Beautiful film is made on-location.
[The writeup might contain spoilers.]
|Kurdish teachers looking for pupils|
During Iraq-Iran war few Kurdish teachers travel from places to places looking for pupils in the hills and villages of Iran, near Iraqi boarders. They carry blackboards on their backs and offer anyone they meet on the way to teach reading and writing. All schools in the areas are supposedly bombarded, and the chemical war is forcing everyone for a hard time. Even pre-teen boys work hard to earn their livelihood. Armed securities patrol the skies and roads, and shoot anyone suspicious.
The jobless teachers, blackboards tied on their backs, who are travelling in a flock separate at one point after their personal assumptions of danger upon taking specific routes. The film then follows only two teachers, Reeboir (Bahman Ghobadi) and Said (Said Mohamadi).
Reeboir meets a group of preteens, who consider themselves as only mules, carrying illegal goods to the boarder. Kids reject his idea of teaching, but one accepts his proposal to teach while walking to the border.
|Said marrying Halaleh en route|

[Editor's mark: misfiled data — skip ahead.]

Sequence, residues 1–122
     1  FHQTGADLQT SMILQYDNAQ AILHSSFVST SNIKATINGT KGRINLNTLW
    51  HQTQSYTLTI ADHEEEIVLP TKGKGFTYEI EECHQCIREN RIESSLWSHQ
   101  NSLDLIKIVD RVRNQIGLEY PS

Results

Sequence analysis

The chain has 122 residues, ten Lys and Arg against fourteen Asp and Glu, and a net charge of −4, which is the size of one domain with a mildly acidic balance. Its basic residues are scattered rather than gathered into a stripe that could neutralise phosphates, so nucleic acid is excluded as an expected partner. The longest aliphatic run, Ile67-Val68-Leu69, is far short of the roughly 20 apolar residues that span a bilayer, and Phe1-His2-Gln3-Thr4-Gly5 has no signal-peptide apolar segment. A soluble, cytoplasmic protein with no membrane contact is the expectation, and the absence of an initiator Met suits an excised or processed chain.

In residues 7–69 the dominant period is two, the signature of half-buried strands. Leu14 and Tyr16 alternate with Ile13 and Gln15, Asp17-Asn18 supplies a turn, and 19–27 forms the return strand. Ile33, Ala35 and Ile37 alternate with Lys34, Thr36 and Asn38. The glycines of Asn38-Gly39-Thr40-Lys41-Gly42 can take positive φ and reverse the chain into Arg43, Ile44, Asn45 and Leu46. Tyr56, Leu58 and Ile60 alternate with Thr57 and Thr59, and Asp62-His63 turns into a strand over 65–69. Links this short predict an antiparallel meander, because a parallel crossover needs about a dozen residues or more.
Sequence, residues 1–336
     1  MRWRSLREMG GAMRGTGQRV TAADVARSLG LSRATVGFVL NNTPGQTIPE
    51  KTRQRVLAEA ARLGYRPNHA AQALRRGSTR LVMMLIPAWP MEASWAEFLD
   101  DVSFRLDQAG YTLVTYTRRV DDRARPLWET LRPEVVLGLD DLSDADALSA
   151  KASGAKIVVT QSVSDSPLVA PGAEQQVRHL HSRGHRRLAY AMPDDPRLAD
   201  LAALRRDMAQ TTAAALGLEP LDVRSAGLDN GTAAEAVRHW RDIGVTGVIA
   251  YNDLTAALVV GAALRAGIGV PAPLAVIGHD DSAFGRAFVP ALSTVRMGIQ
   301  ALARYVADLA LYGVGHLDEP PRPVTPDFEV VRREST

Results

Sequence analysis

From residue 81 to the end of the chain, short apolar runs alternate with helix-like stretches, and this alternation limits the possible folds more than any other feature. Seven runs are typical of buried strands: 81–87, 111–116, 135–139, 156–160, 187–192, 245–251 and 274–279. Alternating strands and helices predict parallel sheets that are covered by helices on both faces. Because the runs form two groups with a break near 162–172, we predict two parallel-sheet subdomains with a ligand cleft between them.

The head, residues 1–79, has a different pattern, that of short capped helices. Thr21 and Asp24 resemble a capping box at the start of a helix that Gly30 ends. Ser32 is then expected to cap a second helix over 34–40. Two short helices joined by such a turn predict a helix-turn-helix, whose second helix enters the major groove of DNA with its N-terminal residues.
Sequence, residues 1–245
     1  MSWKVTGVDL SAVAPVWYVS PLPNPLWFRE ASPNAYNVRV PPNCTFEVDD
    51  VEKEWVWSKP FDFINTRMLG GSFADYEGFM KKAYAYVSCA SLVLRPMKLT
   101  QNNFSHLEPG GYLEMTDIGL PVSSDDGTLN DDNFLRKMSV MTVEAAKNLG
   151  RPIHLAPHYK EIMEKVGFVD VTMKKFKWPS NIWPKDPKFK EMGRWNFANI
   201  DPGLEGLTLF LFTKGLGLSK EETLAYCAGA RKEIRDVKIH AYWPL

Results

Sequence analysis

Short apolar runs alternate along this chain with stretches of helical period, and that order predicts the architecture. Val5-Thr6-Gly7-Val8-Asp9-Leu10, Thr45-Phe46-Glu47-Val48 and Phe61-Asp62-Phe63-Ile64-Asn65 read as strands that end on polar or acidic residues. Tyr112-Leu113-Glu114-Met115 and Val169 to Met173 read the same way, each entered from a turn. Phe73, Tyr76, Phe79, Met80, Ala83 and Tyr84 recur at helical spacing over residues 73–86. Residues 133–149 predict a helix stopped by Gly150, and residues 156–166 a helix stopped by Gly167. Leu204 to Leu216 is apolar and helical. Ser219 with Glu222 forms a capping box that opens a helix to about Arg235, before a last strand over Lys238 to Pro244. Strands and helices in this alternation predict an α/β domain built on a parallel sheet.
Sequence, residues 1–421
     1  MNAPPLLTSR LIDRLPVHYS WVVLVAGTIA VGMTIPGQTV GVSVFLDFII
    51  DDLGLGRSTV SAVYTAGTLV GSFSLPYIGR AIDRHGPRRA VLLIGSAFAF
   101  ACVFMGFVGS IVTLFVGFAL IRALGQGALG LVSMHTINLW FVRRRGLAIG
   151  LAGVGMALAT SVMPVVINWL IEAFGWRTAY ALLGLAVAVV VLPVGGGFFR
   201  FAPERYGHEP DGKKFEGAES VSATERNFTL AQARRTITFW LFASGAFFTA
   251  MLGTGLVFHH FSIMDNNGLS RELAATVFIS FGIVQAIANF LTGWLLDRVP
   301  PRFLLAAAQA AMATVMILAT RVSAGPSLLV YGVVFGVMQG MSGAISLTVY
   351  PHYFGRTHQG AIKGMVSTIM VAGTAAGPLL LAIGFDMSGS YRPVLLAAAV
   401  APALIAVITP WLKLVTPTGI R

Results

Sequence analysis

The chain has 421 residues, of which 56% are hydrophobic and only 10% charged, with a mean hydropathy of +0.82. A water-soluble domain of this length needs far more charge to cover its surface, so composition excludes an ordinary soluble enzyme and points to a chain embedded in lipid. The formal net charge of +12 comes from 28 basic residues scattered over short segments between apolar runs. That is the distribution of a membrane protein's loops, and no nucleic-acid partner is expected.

Said, hopelessly exhausted after travelling from villages to villages looking for pupils, ends up with a group of elderly nomads looking for their bombarded village near the boarder. He offers them to teach reading and writing, but the clan struggling until their last breath to find their way to their village take him lightly. He settles with guiding them to their village in exchange of 40 walnuts. In the way, he marries Halaleh (Behnaz Jafari), the sole woman in the group, a widow with a young son, accepting to give his only belonging, the blackboard as dowry to her.
Directed by twenty years old Samira Makhmalbaf, Blackboards  is a journey of hope in an epidemic. It narrates sociopolitical situation of Kurdish people and border residences through the journey of few jobless teachers. Actors have lived their roles very well. They look very ordinary and raw; at times one is influenced to check if they are real people living their difficult fate.
Makhmalbaf wrote this film with her father, renowned Irani filmmaker Mohsen Makhmalbaf. The film won Jury Prize at Cannes Film Festival, 2000. Truly influential!